Has the Republican Party reached a tipping point on immigration?
Reeling from a stinging defeat in the 2012 presidential election spurred by a historically poor performance among Latino voters, leading Republicans have rushed to declare their willingness to move forward on a comprehensive immigration reform bill, a top priority for Latino voters.
It's a marked shift for Republican leaders, who have largely opposed a comprehensive reform bill for the past half decade. The new tone has given long-frustrated reform advocates a glimmer of optimism. But despite the happy talk, a comprehensive bill still would face a tough road ahead in the next Congress.
The most consequential Republican statement came Thursday from House Speaker John Boehner (Ohio), whose conference has long been viewed by Democrats and pro-reform groups as the chief roadblock to passing a bill. The Speaker said he is confident that he can find "common ground" with President Obama to pass legislation.
"It's an important issue that I think ought to be dealt with. This issue has been around far too long," Boehner said in an interview with ABC News' Diane Sawyer. "And while I believe it's important for us to secure our borders and to enforce our laws, I think a comprehensive approach is long overdue."
Asked whether he would endorse a pathway to citizenship at a press conference today in the Capitol, Boehner said "I'm not endorsing any of the details…On an issue this big, the president has to lead."
Boehner was joined days earlier by South Carolina Sen. Lindsay Graham (R), who helped craft a failed comprehensive reform bill in 2007 that included a pathway to citizenship.
"It's important for our country to solve illegal immigration once and for all. We must deal with the issue firmly and fairly," tweeted Graham.
Republican and conservative media figures have also joined the call, some in remarkable fashion. News Corporation CEO Rupert Murdoch, long a supporter of immigration reform, renewed that message after Republican Mitt Romney's defeat Tuesday. CNBC's Larry Kudlow tweeted Wednesday that the GOP must "restore its soul on immigration."
Sean Hannity of the Murdoch-owned Fox News network went the furthest, saying Thursday on his radio program that he has "evolved" on the issue of immigration and supports a pathway to citizenship for undocumented immigrants in the United States.
"You don't say you've got to go home. And that is a position that I've evolved on. Because, you know what, it's got to be resolved," he said.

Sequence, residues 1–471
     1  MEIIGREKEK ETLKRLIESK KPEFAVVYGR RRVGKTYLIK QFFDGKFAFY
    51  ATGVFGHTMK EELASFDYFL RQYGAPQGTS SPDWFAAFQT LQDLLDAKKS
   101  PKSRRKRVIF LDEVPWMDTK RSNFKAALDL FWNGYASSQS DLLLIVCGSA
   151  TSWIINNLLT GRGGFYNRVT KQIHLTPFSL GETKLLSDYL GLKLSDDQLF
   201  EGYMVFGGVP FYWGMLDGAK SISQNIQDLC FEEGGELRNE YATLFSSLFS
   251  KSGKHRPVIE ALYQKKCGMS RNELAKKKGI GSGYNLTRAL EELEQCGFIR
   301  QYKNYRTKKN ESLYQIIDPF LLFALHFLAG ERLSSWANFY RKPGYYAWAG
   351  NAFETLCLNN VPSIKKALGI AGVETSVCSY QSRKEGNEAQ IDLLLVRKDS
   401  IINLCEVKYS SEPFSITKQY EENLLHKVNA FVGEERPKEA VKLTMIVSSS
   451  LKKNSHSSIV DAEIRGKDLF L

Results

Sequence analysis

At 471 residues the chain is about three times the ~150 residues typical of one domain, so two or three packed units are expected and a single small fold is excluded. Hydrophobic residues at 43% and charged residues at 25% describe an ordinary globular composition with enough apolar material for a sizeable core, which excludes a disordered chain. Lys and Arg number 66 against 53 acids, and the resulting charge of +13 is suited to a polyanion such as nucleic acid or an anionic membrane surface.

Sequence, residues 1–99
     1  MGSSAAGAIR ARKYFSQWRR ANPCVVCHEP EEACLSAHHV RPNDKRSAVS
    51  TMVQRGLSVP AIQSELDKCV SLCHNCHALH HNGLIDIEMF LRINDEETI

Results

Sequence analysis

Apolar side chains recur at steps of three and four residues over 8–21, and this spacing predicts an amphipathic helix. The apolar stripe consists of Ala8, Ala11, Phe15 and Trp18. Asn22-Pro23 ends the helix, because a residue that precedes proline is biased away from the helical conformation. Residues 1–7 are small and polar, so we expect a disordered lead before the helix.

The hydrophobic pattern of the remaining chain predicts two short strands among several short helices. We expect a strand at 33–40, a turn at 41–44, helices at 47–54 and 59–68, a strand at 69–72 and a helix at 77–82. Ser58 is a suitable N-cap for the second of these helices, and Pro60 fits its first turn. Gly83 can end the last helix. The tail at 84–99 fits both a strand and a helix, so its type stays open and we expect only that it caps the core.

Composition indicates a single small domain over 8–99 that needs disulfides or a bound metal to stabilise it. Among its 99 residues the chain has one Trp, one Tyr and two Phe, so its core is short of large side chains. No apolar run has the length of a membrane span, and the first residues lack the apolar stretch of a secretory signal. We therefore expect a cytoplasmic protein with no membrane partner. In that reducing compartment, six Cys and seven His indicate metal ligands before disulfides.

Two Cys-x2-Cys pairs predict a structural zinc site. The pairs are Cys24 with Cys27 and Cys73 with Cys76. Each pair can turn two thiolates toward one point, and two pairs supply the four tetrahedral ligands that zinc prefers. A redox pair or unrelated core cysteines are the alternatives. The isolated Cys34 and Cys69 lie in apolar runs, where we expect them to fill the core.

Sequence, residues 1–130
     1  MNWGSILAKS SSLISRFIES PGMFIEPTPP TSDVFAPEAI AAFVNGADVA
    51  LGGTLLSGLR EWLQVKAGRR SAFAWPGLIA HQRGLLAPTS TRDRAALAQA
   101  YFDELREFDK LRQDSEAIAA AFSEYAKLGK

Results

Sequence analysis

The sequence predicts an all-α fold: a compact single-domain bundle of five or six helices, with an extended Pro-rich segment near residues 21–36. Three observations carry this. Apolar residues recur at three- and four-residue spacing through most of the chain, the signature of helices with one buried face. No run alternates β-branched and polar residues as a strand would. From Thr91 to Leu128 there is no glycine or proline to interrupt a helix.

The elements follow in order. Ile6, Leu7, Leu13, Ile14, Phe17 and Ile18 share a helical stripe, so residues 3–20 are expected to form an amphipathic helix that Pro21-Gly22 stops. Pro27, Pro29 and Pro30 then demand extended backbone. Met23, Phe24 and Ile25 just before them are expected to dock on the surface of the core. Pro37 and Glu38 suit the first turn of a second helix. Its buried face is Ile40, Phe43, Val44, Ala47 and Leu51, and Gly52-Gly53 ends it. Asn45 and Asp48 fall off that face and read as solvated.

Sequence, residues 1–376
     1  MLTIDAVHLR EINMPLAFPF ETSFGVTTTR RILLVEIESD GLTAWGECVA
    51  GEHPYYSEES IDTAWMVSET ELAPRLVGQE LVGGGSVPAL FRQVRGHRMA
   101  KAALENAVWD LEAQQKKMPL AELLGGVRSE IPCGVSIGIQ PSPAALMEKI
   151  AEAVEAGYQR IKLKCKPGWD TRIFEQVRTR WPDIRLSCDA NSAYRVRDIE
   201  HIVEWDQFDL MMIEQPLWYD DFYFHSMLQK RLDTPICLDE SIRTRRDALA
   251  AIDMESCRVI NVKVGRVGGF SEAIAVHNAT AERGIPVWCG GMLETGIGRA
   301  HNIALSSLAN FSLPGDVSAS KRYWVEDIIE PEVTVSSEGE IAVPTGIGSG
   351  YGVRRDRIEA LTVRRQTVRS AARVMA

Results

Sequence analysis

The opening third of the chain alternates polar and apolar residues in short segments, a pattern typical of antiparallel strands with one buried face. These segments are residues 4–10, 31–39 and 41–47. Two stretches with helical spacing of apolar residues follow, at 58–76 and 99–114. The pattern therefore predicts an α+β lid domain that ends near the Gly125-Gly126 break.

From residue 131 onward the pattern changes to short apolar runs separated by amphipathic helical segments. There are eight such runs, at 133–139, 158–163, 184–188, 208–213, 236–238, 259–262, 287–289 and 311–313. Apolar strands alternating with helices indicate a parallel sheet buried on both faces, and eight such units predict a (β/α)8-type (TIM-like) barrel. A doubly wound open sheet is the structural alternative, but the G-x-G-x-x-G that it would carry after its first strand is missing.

The rhetoric from Republicans appears to acknowledge the result of the presidential election, which revealed a new demographic reality in American politics and a growing consensus around immigration reform.
According to exit polls, Obama won 71 percent of Latino voters compared to Romney's 27 percent, the largest margin since 1996. Latinos made up their largest share of the electorate ever (10 percent) and 74 percent of Latino voters said that employed undocumented immigrants should be given the chance to apply for legal status. A substantial majority of all voters (64 percent) also approved
The new GOP tone is far different from Romney's rallying cry of "self-deportation" during the primaries. It's also a big shift for Boehner, who in April said that passing Sen. Marco Rubio's (R-Fla.) DREAM Act-light proposal would be "difficult at best." In June, Boehner said that Obama's deferred action program would make it "much more difficult" to craft a bipartisan immigration bill.
Senate Democrats, who have said they are prepared to move on an immigration bill soon after the next Congress begins in January, expressed a sense of optimism.
"This is a breakthrough to have the Speaker endorse the urgency of comprehensive immigration reform. Democrats in the Senate look forward to working with him to come up with a bipartisan solution," said Sen. Charles Schumer (D-N.Y.), the chairman of a key immigration subcommittee.
National Immigration Forum Executive Director Ali Noorani was also pleased with Boehner's comments.
"It means that the GOP takes the Latino vote seriously now," he told ABC/Univision. "The dynamics are changing. There is a storm brewing."
It's remarkable that leaders in the Republican House, the Democratic Senate, and President Obama have all voiced support for immigration reform. But it's still far from a given that a comprehensive bill becomes reality.
Congressional leaders have not spoken about an exact time frame or the policy details of an immigration bill. Past attempt have been held up by controversy and a lack of consensus about what to do with the 12 million undocumented immigrants living in the U.S.
Democrats in Congress almost uniformly support immigration reform that includes a path to citizenship, but the Republicans still have many members who are opposed to it. Sens. Jim DeMint (R-S.C.) and David Vitter (R-La.), who helped derail the 2007 bill, remain in office. And Rep. Steve King (R-Iowa), the House's foremost immigration hardliner, won reelection on Tuesday. That's not to mention the resistance Republicans could feel from their conservative base.
Noorani, whose group has worked with conservatives such as anti-tax activist Grover Norquist to prod the GOP on immigration reform, said that it will be incumbent upon party leaders to make the skeptics fall in line.
"The only way Steve King is going to be a problem is if the GOP doesn't fix the immigration problem," Noorani said.
"Obama voters chose dependency over Liberty. Now establishment R's want citizenship for illegals. You can't beat Santa Claus with amnesty," tweeted King on Thursday night.